US 20020082033 A1
A wireless communications system includes a mobile station and a base station system that are capable of communicating on the wireless links (uplink and downlink). The mobile station is capable of establishing a logical connection, such as a temporary block flow, on the uplink, while the base station system establishes a logical connection on the downlink. When either the mobile station or the base station system detects end of data transmission, a predetermined wait period is started during which the mobile station or base station system does not start a procedure to release the logical connection on the uplink or downlink.
1. A method of performing packet-based communications in a wireless network, comprising:
establishing a connection over a wireless link between a mobile station and a radio access network system;
transmitting data in the connection;
waiting a predetermined time delay period after end of data transmission; and
starting a procedure to release the connection after the predetermined delay period.
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receiving an acknowledgement of the indication; and
releasing the connection.
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14. A system for communication in a wireless network, comprising:
an interface to a wireless link;
a control module adapted to establish a connection on the wireless link with a peer system; and
a delay element,
the control module adapted to further detect end of data transmission on the connection and to wait a delay period provided by the delay element before starting a procedure to release the connection.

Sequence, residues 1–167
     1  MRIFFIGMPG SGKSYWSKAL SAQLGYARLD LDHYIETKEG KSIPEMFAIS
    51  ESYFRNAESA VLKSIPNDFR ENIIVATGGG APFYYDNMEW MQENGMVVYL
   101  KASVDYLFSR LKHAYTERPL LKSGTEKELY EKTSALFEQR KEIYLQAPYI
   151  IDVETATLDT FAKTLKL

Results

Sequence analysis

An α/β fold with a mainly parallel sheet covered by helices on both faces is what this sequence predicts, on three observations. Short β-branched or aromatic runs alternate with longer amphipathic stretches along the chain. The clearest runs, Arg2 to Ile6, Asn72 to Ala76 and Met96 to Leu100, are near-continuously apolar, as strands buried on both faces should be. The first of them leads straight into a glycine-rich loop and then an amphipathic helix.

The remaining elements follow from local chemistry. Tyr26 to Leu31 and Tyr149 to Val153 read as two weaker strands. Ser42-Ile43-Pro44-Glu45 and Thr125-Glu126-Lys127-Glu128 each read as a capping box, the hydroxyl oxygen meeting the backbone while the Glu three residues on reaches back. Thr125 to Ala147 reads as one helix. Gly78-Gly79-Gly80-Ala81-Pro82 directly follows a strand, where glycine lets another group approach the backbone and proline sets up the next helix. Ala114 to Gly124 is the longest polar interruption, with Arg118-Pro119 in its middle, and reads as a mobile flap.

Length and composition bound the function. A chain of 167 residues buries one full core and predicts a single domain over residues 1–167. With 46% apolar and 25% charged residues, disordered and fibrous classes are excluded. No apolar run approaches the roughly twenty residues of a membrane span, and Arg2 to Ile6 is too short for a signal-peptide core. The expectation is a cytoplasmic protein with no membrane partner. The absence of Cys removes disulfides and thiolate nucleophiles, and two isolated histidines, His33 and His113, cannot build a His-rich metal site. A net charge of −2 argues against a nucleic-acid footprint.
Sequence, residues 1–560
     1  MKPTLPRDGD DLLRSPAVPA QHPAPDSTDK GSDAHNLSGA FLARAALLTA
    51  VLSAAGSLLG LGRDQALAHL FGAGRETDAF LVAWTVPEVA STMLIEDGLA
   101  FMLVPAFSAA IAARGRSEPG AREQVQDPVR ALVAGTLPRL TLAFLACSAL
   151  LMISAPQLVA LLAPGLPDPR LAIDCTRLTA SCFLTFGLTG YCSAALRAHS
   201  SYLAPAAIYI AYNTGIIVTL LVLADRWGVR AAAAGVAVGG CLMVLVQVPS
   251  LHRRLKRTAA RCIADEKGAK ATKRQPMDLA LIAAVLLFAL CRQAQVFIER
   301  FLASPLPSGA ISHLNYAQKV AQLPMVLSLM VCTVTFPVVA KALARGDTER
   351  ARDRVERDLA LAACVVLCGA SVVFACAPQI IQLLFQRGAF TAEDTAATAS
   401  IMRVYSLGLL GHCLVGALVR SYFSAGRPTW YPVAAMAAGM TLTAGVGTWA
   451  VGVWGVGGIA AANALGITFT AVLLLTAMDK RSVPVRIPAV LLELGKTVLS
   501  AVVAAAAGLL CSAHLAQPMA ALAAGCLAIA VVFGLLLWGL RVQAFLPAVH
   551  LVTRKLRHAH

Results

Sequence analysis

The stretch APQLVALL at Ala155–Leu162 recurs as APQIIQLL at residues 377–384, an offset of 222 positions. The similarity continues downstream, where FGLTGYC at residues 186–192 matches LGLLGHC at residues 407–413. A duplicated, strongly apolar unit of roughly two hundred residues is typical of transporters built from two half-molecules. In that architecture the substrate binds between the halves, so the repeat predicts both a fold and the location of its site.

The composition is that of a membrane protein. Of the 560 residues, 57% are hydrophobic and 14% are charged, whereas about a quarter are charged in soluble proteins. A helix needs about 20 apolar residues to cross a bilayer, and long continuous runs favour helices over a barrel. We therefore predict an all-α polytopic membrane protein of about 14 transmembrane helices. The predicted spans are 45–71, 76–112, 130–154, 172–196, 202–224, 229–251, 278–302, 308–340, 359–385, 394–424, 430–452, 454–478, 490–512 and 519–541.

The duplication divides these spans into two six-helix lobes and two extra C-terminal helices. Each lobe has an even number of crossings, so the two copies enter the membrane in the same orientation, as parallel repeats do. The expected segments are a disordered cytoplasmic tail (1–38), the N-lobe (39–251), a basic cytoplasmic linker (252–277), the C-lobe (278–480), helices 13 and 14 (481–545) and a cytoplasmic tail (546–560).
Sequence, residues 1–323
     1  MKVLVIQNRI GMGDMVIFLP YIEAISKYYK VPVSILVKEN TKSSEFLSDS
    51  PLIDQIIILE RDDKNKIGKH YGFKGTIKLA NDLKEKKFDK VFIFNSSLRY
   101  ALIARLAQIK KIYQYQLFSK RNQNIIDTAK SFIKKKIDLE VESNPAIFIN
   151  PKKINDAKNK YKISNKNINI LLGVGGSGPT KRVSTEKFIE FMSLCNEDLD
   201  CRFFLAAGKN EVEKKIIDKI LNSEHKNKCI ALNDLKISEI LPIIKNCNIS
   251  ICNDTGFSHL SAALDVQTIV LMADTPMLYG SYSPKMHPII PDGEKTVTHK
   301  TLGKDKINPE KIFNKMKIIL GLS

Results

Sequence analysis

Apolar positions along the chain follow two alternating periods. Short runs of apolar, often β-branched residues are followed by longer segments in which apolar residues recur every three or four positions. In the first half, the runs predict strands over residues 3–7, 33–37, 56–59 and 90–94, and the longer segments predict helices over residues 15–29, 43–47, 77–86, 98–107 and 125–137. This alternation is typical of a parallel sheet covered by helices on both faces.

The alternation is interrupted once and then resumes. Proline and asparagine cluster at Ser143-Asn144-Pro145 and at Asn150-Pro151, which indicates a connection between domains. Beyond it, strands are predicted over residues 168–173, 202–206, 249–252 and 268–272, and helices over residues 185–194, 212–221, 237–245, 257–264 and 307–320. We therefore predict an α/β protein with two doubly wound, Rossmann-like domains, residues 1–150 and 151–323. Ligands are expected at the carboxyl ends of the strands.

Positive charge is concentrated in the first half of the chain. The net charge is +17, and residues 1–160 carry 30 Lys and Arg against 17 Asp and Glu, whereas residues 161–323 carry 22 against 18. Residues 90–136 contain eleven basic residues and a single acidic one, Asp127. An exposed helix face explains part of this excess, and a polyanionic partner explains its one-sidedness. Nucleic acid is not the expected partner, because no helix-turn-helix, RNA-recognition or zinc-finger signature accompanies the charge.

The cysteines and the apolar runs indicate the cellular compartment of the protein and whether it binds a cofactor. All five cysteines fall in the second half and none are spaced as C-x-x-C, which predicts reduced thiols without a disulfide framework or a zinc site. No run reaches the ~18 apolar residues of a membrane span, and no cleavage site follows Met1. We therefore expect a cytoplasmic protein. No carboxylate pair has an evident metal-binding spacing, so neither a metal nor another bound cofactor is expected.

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25. An article comprising at least one storage medium containing instructions for performing packet-based communications in a wireless network, the instructions when executed causing a first system to:
establish a connection between the first system and a peer system over a wireless link; and
wait a predetermined time period at the end of data transmission before providing an indication of the end of data transmission.
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34. A first system, comprising:
means for establishing a connection over a wireless link with a second system;
means for detecting an end of data transmission; and
means for waiting a predetermined time period before providing an indication of the end of data transmission.
35. A data signal embodied in a carrier wave and comprising instructions that when executed cause a first system to:
detect end of data transmission over a connection established on a wireless link;
start a delay period after detecting the end of data transmission; and
start a procedure to release the connection after the delay period.
 This claims the benefit under 35 U.S.C. §119(e) of U.S. Provisional Application Serial No. 60/257,788, entitled “Enhanced Radio Link for Efficient Packet-Based Communications Over a Wireless Network,” filed Dec. 21, 2000.
 The invention relates generally to providing efficient packet-based communications over a wireless network.